what's going on ultimately is that i think both sides have kind of overreached. they had their reasons for getting into this conflict on both sides. they both escalated at different moments, and now they're looking to pull back. but they want to do it seeming to their publics as if they have held strong against the other. i think that's what's causing this back and forth dance, this ca bucky show. i think we'll have a cease-fire sooner rather than later. >> and, you know, you talk about sort of the kabuki dance between two sides. we have been here before, seen both sides doing this. is this just a temporary stopgap? can with hamas in charge right now of at least the cease-fire and the truce, can there be any sort of longer term resolution? >> between israel and gaza run by hamas under the present circumstances, it is always going to be temporary until there is clarity with the p.a.
and the plo in ramallah. israel can make a peace agreement with the palestinians. the p.a. and the plo in particular, only legal authorized representatives of the palestinian people. so israel could make a deal with them. hamas and gaza could try to be a spoiler, but the palestinians want a peace agreement. they want independence. they want an independent state. i think public pressure would make it very hard for hamas to stand against that, if israel and the plo were able to do a deal. now, in the meanwhile, gaza is ruled by hamas and hamas, as you pointed out, is undergoing a power shift since the arab spring and since hamas lost its relationship with syria, its headquarters of its external leadership in damascus and most of its relationship with iran. i think there has been an effort by factions inside gaza, to try to pull ultimate decision-making, real power within the group -- and in order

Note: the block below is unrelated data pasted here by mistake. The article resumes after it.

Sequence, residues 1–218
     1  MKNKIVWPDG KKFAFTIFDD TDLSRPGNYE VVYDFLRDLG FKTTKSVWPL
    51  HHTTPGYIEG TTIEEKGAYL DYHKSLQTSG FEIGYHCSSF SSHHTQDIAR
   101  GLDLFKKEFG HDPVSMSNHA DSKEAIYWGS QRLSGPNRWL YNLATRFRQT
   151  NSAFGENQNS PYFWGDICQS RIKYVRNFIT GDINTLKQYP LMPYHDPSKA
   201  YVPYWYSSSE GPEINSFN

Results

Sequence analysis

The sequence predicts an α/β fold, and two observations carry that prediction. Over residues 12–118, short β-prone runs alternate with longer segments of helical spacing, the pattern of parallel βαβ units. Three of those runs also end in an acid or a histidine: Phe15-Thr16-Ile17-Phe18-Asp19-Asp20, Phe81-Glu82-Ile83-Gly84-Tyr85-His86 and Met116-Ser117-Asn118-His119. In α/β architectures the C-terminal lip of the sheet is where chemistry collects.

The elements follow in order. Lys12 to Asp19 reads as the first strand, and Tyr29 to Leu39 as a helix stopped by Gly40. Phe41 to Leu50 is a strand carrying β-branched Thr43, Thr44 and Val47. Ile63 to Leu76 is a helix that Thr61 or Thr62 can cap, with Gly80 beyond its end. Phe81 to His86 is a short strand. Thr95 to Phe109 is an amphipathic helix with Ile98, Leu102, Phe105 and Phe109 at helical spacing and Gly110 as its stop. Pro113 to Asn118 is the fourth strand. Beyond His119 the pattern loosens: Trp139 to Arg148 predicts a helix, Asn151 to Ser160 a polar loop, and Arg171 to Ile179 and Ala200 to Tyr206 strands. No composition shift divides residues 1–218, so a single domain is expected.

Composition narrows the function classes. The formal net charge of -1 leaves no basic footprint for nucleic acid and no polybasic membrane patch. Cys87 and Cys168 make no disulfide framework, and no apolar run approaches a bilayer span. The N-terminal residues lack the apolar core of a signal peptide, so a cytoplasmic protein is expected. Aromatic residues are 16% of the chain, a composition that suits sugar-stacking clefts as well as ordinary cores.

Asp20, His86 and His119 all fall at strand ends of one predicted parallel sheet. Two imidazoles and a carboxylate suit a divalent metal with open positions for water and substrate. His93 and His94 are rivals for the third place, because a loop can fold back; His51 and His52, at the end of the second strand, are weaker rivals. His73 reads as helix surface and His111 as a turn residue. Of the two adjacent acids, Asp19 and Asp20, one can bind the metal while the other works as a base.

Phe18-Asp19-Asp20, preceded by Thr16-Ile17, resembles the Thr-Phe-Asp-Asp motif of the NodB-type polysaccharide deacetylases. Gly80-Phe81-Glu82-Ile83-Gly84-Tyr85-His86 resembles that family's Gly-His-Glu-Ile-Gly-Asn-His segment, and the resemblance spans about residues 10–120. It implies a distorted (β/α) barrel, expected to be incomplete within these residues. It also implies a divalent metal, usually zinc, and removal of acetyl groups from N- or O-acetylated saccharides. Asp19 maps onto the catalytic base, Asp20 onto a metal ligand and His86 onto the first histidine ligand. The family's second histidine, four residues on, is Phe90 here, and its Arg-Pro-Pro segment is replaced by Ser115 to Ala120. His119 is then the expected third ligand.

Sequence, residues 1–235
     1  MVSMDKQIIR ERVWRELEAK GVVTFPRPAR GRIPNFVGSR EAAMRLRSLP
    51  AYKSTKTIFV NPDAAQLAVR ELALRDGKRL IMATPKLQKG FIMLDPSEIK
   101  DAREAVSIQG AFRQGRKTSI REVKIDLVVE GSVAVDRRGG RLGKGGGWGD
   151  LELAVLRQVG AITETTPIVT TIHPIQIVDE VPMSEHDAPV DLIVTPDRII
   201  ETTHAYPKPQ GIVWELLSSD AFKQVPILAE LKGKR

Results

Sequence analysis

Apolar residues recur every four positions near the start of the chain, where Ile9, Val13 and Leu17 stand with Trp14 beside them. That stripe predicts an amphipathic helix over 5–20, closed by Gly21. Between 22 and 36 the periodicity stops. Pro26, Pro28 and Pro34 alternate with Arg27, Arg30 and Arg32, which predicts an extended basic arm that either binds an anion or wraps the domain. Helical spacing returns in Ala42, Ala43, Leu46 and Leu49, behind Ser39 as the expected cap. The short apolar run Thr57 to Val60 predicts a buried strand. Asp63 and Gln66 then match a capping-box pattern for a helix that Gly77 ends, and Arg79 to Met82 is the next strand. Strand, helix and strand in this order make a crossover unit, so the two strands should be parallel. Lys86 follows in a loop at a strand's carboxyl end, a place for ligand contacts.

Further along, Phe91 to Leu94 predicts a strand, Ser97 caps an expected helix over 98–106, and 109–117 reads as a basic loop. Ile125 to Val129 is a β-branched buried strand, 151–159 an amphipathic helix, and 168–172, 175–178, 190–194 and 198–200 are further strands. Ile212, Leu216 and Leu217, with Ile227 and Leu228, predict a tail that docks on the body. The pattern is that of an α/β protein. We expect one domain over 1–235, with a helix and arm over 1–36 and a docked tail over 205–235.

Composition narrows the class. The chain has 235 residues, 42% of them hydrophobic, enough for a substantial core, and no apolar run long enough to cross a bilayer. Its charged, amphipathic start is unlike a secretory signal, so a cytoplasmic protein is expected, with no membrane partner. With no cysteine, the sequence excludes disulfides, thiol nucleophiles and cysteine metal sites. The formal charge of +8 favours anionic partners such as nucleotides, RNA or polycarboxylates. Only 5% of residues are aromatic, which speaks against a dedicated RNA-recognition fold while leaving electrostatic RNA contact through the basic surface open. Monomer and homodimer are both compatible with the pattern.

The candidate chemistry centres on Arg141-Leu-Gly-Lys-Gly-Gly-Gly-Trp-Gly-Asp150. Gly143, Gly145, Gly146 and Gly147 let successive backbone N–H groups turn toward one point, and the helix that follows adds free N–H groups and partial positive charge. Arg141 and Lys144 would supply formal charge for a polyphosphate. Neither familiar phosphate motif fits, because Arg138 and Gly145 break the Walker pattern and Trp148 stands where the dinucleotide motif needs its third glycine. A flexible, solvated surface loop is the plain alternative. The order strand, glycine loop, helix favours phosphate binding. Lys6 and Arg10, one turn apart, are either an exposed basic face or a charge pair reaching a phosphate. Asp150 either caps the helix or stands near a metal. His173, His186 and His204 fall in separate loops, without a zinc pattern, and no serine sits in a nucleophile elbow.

to do that, they started firing rockets to israel again and say we rule and we fight and we're the decisionmakers. you guys go and deal with our friends and get us money and support from the arab states, but that's -- >> so they're finding their political voice in many respects. earlier today piers morgan spoke with israeli president shimon peres. let's take a quick listen. one moment. >> we will work with the people of gaza to try not to make their lives difficult. gaza is open, the economic situation was improved and we don't know why all of a sudden they decided to shoot. >> so that was the president shimon peres. is that accurate portrayal? >> yeah, i think there is a lot of truth in what he said actually. i strongly disagreed with the characterization you just had from the spokeswoman, but i think that's not unfair.
i think between the last conflict between israel and hamas at the end of 2008, beginning of 2009, after that, the hamas rulers in gaza i thought -- the people on the ground thought that they had more to lose from a conflict with israel and violence with israel. so they talked a lot about armed resistance, but they fired very few rockets and they didn't let anybody else do it. because of the internal power struggle and because they want to say to the external leadership and to everybody else in hamas, hey, we rule gaza and we do the fighting against israel, they have unfurled again the banner of armed resistance and dragged this in. now, let me just say, though, israel too escalated at one point. there was a cease-fire that was holding and israel used that cease-fire and they admit this to lull hamas into a false sense of security and murder its military commander, which set off the latest round, so -- and they are in an election cycle and i think israeli politicians
are also sinically using this violence to seem tough, to strike a pose, to win points against their rivals, and so i think you have very few clean hands here. i do think, yeah, the change within dynamics within hamas explain why this started again in 2012. >> and very quickly, i know this may not be fair, but yes or no answer, has the united states lost its opportunity to help negotiate or broker a peace settlement between israel and the palestinian authority now that hamas is such a powerful player, yes or no? >> no. absolutely not. if we put our hearts and our political capital into it, i think we cannot only have a chance, i think we can succeed. >> hussein ibish, thank you for joining us today. >> thank you very much. secretary of state hillary clinton gets ready to arrive in the region, we'll look at how the international community is working to find a peaceful solution. oh no, not a migraine now.